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D&D General No More "Humans in Funny Hats": Racial Mechanics Should Determine Racial Cultures

dave2008

Legend
Snarf's Superior Solution: Swerve hard into differentiation both in crunch AND lore. Get rid of 'default' races in the PHB. All races should be campaign- or setting-specific. Get rid of ASIs for races completely (as that seems to be the alpha and the omega of complaints) and differentiate all races by abilities and/or gated racial feats. Races should have a rich tapestry of culture and fluff to pull upon (or to play against, as need be, but will still help place them in the world).
I basically agree with this solution, but I do not think we will see something like this from WotC. Tying races to a setting really allows you to lean into their differences in mechanics and fluff. And ASI were never an interesting racial differentiator (though I still think they can be useful).

However, what do you, playing the role of WotC here, give to people who don't us a published setting? My group never plays in published settings, so where do we get our fantasy races from?
 

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dave2008

Legend
It helps me create fun dilemmas for the story and characters when I can think "okay, what would this race do in this circumstance",...
I find this a bit problematic as you seem to be (here and in your OP) treating races as mono-cultural. How would you answer this for humans? Well you can't in a lot of situations as humans react to things differently, sometimes very differently. IMO, fantasy races should be the same. A world with one "dwarf," culture in not nearly as engaging as one with dozens (or hundreds) of dwarf cultures. Additionally, like RL humans, those different cultures have very little (if anything) to do with their inherent "mechanics" to each other or to humans.
 

AcererakTriple6

Autistic DM (he/him)
Can we get past this? Please? The topic is subjective. Of course it's their opinion. We shouldn't have to preface every opinion with the words "in my opinion." Sniping at people for using declarative language accomplishes nothing.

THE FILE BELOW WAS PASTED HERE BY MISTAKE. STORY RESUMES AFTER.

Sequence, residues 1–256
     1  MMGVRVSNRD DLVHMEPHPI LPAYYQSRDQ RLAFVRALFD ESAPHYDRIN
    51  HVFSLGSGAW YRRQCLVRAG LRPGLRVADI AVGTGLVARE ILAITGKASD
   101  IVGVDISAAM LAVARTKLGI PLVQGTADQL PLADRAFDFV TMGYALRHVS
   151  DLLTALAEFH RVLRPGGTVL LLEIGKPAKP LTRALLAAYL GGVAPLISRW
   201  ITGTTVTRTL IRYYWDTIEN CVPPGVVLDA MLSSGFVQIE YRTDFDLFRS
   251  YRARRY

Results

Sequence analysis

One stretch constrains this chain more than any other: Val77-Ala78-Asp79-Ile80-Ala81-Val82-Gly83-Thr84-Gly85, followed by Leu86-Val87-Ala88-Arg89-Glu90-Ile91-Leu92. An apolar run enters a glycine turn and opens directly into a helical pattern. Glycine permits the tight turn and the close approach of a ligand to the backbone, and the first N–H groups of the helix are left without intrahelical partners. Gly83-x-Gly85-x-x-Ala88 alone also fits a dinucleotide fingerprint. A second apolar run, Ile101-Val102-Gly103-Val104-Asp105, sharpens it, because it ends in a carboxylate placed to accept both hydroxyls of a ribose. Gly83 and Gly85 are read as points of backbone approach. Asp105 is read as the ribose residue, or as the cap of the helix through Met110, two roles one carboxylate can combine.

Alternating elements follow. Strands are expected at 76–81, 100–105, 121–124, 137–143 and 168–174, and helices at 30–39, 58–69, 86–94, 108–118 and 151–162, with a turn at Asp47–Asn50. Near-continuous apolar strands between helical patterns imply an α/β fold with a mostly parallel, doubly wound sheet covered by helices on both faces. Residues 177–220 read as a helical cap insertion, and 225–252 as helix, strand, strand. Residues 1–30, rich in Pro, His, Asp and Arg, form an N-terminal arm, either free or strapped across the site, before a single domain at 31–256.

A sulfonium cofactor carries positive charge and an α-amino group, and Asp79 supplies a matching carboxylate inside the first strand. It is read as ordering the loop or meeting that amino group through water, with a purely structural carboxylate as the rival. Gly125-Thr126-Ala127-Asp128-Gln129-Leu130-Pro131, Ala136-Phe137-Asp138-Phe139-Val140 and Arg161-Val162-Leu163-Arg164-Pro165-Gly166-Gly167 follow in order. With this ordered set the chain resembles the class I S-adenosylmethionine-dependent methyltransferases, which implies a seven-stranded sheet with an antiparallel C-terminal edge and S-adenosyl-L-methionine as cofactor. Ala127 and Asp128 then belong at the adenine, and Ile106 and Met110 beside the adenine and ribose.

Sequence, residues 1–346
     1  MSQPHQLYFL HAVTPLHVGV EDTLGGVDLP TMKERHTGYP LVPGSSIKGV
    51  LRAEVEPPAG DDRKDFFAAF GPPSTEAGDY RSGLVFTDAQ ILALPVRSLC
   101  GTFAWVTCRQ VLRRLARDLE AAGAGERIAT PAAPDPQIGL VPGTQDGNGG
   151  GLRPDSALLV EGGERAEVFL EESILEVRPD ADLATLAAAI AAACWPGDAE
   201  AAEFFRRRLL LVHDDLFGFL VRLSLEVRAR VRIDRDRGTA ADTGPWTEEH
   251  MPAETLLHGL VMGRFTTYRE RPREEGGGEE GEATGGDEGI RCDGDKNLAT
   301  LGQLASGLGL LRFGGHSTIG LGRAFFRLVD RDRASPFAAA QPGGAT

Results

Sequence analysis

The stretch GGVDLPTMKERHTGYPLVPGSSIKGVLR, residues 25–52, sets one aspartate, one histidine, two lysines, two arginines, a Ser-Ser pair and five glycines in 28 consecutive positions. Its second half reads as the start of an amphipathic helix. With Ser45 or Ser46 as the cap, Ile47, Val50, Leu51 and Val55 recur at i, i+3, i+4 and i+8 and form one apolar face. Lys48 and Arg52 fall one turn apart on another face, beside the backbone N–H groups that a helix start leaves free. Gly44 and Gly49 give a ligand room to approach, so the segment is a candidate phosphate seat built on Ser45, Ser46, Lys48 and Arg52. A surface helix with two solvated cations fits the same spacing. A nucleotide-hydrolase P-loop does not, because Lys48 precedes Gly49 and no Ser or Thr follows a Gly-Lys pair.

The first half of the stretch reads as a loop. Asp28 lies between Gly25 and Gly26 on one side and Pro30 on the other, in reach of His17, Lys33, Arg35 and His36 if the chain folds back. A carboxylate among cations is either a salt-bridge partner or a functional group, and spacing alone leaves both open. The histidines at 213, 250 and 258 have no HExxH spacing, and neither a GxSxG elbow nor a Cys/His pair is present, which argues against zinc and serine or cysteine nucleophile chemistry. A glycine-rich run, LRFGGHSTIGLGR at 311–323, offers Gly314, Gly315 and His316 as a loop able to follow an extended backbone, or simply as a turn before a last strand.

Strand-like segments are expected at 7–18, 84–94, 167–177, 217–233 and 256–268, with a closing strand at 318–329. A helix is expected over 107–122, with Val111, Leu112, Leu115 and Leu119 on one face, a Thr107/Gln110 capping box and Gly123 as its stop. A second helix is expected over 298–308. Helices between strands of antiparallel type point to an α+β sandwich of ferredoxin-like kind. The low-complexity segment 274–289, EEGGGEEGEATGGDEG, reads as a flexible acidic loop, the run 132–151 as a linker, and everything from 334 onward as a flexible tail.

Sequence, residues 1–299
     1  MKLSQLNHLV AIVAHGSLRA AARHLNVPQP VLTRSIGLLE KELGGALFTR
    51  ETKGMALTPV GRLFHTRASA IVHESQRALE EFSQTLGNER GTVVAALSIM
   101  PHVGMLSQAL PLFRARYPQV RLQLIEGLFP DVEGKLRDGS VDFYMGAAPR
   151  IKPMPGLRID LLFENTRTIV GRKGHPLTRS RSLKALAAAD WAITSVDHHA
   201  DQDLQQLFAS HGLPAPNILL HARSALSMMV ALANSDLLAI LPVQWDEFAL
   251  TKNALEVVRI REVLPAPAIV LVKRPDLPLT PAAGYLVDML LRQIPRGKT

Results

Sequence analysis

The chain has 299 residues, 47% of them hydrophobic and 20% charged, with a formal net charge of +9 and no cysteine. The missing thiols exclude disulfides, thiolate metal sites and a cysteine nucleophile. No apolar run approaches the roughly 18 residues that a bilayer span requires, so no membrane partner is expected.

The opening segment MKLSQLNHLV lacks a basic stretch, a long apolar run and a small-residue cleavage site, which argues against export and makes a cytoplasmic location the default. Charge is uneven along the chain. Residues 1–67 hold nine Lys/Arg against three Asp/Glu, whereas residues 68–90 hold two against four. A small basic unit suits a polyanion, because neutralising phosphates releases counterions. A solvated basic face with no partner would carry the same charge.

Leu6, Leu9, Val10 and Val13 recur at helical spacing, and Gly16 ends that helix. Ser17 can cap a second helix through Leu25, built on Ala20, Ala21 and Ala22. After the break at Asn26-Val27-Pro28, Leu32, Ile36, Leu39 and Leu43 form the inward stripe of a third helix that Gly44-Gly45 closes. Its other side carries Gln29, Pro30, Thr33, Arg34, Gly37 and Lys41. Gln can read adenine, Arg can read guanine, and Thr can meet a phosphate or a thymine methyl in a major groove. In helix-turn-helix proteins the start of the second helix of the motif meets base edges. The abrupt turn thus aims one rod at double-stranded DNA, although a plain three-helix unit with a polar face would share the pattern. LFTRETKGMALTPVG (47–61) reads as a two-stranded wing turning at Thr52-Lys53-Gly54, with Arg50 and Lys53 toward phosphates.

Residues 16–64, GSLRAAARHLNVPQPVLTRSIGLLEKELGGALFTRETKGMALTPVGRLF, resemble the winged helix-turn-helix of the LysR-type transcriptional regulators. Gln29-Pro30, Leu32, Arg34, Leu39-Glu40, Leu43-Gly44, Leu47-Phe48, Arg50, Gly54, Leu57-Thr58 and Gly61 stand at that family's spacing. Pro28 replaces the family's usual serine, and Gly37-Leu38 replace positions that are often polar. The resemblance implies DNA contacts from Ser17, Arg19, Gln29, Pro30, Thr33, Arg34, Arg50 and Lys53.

It was stated as a fact. Sniping at them for doing that makes it less likely for them to do that in the future, and makes it so others are less likely to take it as a fact.

Sure, that's not my main criticism of their post, but it's worth saying. Whenever I have said "X should be like Y", people reply saying "but, that's just like your opinion, man" almost any time. It works both ways.
 

AcererakTriple6

Autistic DM (he/him)
By virtue of the fact that many people want to play non-humans that aren’t alien in mindset, we can pretty well determine that it is objectively true that not all races should be alien in mindset.

It is also true that some non-humans should have significantly alien mindsets, by virtue of a significant amount of the player base wanting that.
All player races (besides human) are partially alien. Some moreso than others (Warforged, Kalashtar, Yuan-Ti, and Lizardfolk, for example), but any non-human race should have a different psychology from humans, IMO, even if that difference is slight. Even races that are more human than others (Reborn that used to be humans, Half-Elves, Half-Orcs, Halflings, Planetouched Humans, Dragonmarked Humans, etc) should have a psychology that differentiates them from humans, because both their biological and cultural pressures would cause them to have different mindsets (like how the Dragonmarked Human Races in Eberron all have different cultures, while still being largely human).

Sure, it can be as simple as "I'm scared of tall people [Goliaths, Orcs, Ogres, Giants, etc] because I'm a 3 foot tall halfling", but that's still an alien mindset from the average human.

If your non-human races are played exactly as humans (in roleplay, not mechanics), they might as well just be humans.
 
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AcererakTriple6

Autistic DM (he/him)
I find this a bit problematic as you seem to be (here and in your OP) treating races as mono-cultural. How would you answer this for humans? Well you can't in a lot of situations as humans react to things differently, sometimes very differently. IMO, fantasy races should be the same. A world with one "dwarf," culture in not nearly as engaging as one with dozens (or hundreds) of dwarf cultures. Additionally, like RL humans, those different cultures have very little (if anything) to do with their inherent "mechanics" to each other or to humans.